Is this is the first time an LC fraud has happened?
No! Most frauds in Indian banking have been due to use of LCs. And, PNB seems to be a favourite with such fraudsters. In the 1990s, its London branches fell for such massive LC fraud that those branches had to be merged with State Bank of India for depositor protection and to keep the country’s prestige. The bank’s chairman at the time had lost his job for letting the fraud go unchecked, even as he might not have been involved in the scam. None wiser, in recent times we have had Zoom Developers (Rs 35 billion), Winsome Diamonds (Rs 70 billion) and now Nirav Modi (at least 114 billion) all have used the banking sector’s LC route to scam the system. In all these cases, PNB was the centre.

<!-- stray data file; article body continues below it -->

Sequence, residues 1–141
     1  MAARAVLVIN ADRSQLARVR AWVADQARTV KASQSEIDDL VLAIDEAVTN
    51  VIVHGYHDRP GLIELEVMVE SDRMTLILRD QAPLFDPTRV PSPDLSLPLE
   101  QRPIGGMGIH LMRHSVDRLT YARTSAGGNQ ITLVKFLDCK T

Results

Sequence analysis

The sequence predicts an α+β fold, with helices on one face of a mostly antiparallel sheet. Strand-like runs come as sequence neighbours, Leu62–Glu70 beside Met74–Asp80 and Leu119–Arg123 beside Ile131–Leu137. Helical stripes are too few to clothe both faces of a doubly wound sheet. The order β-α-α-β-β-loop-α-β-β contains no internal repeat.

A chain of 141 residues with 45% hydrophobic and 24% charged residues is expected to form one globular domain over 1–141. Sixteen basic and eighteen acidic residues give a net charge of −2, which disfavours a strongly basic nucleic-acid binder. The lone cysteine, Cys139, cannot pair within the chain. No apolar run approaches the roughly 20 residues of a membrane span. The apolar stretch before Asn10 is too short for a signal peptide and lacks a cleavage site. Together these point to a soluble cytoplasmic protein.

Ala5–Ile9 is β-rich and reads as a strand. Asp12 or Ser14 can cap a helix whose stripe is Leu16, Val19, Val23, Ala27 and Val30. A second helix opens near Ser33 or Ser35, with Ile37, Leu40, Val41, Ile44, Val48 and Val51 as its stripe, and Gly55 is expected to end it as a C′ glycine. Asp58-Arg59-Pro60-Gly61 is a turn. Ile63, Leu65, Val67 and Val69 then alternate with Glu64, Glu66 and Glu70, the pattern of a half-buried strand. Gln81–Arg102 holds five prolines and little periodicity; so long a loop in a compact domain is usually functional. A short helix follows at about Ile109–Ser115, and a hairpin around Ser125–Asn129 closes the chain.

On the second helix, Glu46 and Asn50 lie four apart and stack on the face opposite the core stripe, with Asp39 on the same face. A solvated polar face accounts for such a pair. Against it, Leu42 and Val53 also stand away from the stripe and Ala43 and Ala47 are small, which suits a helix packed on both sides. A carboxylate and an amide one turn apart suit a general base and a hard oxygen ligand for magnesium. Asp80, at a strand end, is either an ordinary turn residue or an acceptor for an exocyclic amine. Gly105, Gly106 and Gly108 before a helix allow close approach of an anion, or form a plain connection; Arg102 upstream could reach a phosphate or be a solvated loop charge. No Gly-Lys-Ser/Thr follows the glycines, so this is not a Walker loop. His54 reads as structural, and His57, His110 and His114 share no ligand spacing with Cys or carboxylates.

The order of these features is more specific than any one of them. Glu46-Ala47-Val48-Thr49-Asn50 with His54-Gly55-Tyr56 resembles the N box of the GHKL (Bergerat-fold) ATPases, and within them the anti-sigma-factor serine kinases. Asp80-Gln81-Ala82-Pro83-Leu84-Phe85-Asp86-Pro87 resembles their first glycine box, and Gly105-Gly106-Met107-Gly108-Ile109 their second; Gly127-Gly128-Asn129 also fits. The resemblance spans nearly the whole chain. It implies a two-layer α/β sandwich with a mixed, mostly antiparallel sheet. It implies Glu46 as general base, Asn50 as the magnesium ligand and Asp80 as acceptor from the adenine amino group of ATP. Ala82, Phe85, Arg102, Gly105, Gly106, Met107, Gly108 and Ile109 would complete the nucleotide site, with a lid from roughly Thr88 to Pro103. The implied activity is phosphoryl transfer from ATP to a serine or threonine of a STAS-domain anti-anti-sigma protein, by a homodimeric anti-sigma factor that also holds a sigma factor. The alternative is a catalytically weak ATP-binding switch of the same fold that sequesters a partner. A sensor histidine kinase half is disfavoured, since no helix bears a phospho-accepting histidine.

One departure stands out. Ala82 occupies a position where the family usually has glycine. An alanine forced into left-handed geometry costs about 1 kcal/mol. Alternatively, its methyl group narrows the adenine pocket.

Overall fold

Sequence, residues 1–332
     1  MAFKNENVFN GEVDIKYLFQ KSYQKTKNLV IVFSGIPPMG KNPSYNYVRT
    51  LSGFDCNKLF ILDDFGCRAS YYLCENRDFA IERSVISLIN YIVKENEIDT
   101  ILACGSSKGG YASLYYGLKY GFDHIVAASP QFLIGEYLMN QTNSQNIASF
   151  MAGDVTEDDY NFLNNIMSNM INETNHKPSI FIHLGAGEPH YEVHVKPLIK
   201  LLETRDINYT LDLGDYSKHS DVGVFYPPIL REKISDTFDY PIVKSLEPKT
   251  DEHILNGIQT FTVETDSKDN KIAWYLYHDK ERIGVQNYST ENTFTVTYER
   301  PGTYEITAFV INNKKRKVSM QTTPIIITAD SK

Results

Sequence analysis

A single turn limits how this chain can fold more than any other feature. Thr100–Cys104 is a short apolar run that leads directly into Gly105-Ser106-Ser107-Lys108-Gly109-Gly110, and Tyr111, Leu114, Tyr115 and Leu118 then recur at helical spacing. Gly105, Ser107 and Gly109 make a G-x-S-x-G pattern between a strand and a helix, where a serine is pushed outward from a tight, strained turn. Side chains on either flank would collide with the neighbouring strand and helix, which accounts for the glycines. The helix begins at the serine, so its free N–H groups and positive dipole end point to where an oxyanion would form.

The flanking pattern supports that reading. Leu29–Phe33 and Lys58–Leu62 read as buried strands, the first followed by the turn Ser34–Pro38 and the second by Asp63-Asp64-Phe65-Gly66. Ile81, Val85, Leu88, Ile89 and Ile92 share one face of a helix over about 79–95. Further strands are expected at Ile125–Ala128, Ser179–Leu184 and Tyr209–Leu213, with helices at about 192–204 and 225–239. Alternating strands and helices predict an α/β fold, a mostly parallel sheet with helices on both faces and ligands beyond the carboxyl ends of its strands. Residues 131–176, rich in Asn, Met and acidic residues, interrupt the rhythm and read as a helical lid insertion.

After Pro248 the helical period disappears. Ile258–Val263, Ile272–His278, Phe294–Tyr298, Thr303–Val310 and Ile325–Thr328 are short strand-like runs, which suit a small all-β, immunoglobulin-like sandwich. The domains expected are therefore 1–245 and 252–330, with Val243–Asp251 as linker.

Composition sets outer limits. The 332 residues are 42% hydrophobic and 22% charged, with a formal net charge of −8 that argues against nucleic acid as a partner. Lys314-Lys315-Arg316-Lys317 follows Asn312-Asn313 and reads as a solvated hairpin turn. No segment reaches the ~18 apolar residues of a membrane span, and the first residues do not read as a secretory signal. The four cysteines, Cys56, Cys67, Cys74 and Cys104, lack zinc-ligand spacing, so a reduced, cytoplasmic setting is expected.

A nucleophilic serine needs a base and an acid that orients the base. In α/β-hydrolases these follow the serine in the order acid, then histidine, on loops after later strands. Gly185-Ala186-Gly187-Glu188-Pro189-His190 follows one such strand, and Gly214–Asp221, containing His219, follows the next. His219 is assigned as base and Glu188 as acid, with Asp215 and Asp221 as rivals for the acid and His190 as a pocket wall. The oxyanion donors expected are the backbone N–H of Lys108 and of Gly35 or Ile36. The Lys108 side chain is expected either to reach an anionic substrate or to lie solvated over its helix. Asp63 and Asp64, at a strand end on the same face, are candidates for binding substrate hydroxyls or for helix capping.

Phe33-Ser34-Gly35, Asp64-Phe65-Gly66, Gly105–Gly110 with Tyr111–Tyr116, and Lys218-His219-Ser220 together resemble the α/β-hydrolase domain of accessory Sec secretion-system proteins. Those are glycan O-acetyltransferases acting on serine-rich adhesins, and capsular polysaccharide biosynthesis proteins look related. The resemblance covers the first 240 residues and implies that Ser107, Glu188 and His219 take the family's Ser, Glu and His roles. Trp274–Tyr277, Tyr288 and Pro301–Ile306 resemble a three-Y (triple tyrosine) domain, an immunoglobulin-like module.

Is India alone in this?
Again, no! In 2015, China was hit by a massive LC scam. Countries in Latin America routinely get scammed by LC operators. There is also no way determined fraudsters can be prevented entirely; however, such frauds can be minimised to a great extent. Effective audit is one such route. And, of course, the need for LCs would disappear completely if the Indian rupee is made fully convertible, or becomes an internationally accepted major currency. Both are probably decades away.
Source: BS